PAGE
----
Being out in the countryside with my dogs gives me time to think. I’ve learnt the pleasure of solitude without being lonely, and that’s a good feeling for me.

Welcome to "Man with two dogs" - the family website for dog owners and dog walkers.

This is my countryside diary which appears each Saturday in the Dundee Courier newspaper.

Changing landscape

October 16th, 2004

I POPPED into the barbers for my usual session with Dennis Burke who has cut the greying locks for more years than either of us care to admit.

Dennis told me that coming into Montrose to open the shop he had seen more pinkfoot geese roosting on Montrose Basin than he could remember for a long time. After he had trimmed me up I went round to the Station, where I got a marvellous view from the railway bridge across the water and onto the hills beyond.

The tide was coming in, pushing the birds onto the mud banks. Their wild cries blew across on the wind, and I thought about the clocks going back soon, and the lighter mornings that will darken again as winter really sets in.

Packs of geese took off with choruses of farewells as they headed to all points of the compass in search of feeding grounds. They are not welcomed by farmers when they descend to graze on fields of winter barley whose first green shoots are beginning to push through.

Mallard and eider duck were paddling in the shallows at the back of the station platform, and a delicate wisp of dunlins flittered along the tideline. Two oystercatchers pattered over the oozy mud, busily poking with their orange beaks for oozy mud treats which I imagine are their equivalent of dark chocolate.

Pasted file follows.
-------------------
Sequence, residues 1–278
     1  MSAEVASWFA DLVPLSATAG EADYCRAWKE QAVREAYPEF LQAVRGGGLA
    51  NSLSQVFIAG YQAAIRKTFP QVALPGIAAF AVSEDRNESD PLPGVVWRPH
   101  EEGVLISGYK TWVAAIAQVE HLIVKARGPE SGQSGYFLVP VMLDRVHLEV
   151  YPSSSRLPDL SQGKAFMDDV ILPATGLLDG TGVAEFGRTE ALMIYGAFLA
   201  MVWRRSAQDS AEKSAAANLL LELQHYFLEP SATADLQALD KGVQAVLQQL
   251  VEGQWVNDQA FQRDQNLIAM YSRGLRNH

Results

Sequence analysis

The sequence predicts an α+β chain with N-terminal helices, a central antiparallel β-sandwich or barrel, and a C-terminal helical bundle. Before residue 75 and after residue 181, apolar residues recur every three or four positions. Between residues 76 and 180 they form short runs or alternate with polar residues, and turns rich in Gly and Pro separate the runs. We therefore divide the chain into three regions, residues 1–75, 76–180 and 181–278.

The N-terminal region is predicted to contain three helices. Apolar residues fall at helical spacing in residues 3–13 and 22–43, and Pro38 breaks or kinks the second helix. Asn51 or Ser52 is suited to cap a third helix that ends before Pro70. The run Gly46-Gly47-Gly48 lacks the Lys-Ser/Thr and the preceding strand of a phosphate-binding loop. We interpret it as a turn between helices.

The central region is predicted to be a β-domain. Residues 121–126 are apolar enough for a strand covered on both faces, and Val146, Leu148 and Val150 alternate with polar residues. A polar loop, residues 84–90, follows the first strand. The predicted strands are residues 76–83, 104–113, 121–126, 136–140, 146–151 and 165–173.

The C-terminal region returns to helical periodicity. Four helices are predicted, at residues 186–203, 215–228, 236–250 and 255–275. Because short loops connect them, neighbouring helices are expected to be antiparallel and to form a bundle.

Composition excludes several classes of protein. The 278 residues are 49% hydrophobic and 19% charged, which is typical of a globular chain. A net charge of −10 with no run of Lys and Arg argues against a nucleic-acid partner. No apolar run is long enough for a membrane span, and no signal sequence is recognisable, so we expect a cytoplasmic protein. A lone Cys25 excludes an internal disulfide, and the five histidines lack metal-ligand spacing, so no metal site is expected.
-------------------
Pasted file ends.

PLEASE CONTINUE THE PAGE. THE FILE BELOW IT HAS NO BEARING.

A carrion crow worked back and forth along the high tide mark. They eat mussels, for which the Basin was once famous, small crabs and molluscs, but this one seemed more interested in finding what had been left behind by the outgoing tide.

I'm reading a most entertaining book called  The Longshoreman' by Richard Shelton, who calls the geese –  hounds of heaven'. Out on an iron-hard frosty night and hearing the distant yelps of the geese closing up on you, it's easy to imagine them as baying hounds in hot pursuit.

Years ago  They' demolished the familiar old Montrose Station building which I grew up with.  They' filled in the south stream of the Basin which emptied out alongside Ferryden. Rossie Island ceased to be an island, but I got used to that. Now  They' have dismantled the familiar old road bridge which crossed from Montrose to Rossie Island, over the main river which empties the Basin into the North Sea at Scurdyness Lighthouse. Happily, I think the replacement will be a rather graceful addition to the skyline.

I met one of my primary school teachers who told me she enjoys reading these Saturday pieces. I told her how much I enjoy writing them, and we got to wondering if her efforts all these years ago had contributed to the quality of the words. We agreed they probably had.

I don't remember the same easy rapport between us when I was eight years old!